I would not recommend this novel at all. Though there are some artful aspects to the story and it is certainly historically significant as a reconstruI would not recommend this novel at all. Though there are some artful aspects to the story and it is certainly historically significant as a reconstruction novel, it is also very racist and vile in its connotations. In the last part of the story, the racism really seeps through and becomes more overtly transparent. Though strong writing talent shines through a few points, upon reflection it becomes evident that Dixon is more of an apologist for his prejudices than an artist. Though Dixon does have some storytelling skills, I feel the story is fragile due to the lack of believability at several points. I also had trouble sympathizing with any of the characters....more
It's been so very long since I've jumped into the Sherlock Holmes stories and this foray has been so very delightful. It reminds me that deep down, miIt's been so very long since I've jumped into the Sherlock Holmes stories and this foray has been so very delightful. It reminds me that deep down, missing detection and deductive reasoning skills notwithstanding, I'm a devoted Sherlockian.
These stories are top notch, showing Holmes in his finest form. And they never grow old. A. C. Doyle's genius is behind every stroke. It's also heaping brilliance upon brilliance to have both Mycroft Holmes (Sherlock's brother) and Moriatry (Sherlock's reptilian nemesis) introduced in these stories.Though we hear so little of them, they are brilliantly crafted characters.
This book makes me want to move to Victorian England and become a consulting detective with all its peril. And then perhaps write a technical monograph on some obscure subject such as The Footprint Width of Peruvian Newts. It makes me wish there were thousands more canonical Holmes stories.
An unexpected side-effect of my return to the Holmes canon has been an increased respect for the recent BBC Sherlock Holmes series.The nine episodes, as an adaptation, stand up to the scrutiny of an examination of the Holmes canon. Benedict Cumberbatch is a wonderful Sherlock. Mark Gatiss gets Mycroft right. Martin Freeman nails the essence of Watson. Rarely is a TV series so thoroughly vindicated as by the re-reading of this book.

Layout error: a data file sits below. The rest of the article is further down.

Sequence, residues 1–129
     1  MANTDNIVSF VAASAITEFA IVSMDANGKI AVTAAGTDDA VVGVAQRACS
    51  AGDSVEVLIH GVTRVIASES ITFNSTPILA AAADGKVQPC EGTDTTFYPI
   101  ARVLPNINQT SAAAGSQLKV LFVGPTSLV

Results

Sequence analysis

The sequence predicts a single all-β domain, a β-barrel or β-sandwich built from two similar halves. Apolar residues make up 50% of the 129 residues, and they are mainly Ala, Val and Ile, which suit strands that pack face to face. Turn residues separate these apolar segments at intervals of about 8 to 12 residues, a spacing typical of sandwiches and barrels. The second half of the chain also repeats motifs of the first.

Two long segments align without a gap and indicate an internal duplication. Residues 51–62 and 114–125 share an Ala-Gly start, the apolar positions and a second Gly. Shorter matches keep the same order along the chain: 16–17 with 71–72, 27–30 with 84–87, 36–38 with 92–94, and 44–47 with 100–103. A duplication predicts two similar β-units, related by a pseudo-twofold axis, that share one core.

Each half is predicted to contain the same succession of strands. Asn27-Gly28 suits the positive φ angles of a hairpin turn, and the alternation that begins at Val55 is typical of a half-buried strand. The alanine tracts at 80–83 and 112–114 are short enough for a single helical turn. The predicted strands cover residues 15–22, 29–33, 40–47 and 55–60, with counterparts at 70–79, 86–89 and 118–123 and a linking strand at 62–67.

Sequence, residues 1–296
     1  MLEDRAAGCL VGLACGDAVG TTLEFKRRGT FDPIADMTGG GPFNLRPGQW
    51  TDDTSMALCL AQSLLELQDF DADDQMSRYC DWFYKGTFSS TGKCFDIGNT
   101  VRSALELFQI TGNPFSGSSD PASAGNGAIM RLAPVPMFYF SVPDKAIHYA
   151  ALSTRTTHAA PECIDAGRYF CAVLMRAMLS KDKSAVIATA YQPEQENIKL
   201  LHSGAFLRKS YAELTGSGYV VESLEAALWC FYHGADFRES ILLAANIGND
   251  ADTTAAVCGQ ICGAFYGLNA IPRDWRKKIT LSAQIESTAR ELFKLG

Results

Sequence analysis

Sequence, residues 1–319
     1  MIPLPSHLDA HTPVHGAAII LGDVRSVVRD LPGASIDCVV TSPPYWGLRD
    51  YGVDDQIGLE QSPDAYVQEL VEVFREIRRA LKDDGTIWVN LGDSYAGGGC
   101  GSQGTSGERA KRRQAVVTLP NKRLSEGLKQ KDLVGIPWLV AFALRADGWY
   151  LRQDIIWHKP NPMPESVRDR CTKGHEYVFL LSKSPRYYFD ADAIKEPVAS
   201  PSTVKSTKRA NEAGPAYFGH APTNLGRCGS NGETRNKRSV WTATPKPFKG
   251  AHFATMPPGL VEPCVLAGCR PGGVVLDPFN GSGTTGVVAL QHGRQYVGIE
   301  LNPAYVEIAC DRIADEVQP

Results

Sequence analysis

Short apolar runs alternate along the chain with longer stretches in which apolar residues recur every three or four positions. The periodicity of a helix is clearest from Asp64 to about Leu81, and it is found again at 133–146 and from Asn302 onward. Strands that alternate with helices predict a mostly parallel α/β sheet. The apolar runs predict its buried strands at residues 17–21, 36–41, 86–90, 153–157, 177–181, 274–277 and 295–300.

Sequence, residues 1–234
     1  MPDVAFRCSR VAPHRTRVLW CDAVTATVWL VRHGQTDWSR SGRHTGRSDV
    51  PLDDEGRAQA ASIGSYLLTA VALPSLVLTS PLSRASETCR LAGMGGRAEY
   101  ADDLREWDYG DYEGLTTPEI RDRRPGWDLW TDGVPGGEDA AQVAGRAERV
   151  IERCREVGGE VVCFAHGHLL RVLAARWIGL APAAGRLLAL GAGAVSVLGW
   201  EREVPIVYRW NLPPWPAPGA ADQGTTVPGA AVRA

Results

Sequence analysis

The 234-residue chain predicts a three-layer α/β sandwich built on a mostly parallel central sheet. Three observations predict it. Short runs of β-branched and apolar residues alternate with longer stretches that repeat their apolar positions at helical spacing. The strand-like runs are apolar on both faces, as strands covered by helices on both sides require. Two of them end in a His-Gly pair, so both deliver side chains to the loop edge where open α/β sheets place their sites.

If you haven't read this book yet, the driving question is: why not?...more
Farah is a prolific Somali novelist and this is his latest novel. It is also the second novel of his that I've read.
I have mixed feelings about this oFarah is a prolific Somali novelist and this is his latest novel. It is also the second novel of his that I've read.
I have mixed feelings about this one. Farah once again proves he is a masterful story teller and quite a genius. There is no question about that. However, it took me to long to get drawn into this one, and while the characters were fascinatingly portrayed, I struggled to sympathize with any of them--especially the adults. The first half seemed to limp along and the end was abrupt and not very believable to me. I think Farah mastered little details but lost footing on the big picture.
I would suggest you start with a different novel by Farah, such as 'Crossbones' - - which is excellent....more
This is an engaging read in the fantasy genre. I first heard of Jeremiah Montgomery's fiction in an interview he did with the Reformed Forum podcast.This is an engaging read in the fantasy genre. I first heard of Jeremiah Montgomery's fiction in an interview he did with the Reformed Forum podcast. He's an Orthodox Presbyterian Church pastor,and it was interesting to hear about how his Christian faith comes to bear on his writing. I also listened to an interview he did with Shaun Tabatt. I found the interviews fascinating, so when I saw a review copy available on NetGalley, I quickly signed up for it, even though I hadn't read the previous two books.